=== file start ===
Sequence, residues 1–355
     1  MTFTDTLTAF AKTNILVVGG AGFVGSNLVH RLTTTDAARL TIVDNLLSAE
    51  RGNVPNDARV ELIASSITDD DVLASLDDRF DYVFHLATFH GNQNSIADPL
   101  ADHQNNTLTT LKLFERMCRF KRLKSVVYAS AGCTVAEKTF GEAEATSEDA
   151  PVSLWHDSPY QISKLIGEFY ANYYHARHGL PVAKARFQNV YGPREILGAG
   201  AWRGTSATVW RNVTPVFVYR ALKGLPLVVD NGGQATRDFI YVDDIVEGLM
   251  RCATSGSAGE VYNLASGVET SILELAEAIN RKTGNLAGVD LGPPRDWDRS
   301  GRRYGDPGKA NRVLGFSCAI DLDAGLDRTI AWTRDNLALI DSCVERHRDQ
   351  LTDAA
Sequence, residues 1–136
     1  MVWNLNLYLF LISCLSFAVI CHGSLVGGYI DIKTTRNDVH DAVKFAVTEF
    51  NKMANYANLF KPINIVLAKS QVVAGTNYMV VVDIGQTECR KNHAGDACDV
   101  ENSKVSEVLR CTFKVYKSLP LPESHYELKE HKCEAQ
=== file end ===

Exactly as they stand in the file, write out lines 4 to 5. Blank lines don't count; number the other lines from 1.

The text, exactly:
   101  ADHQNNTLTT LKLFERMCRF KRLKSVVYAS AGCTVAEKTF GEAEATSEDA
   151  PVSLWHDSPY QISKLIGEFY ANYYHARHGL PVAKARFQNV YGPREILGAG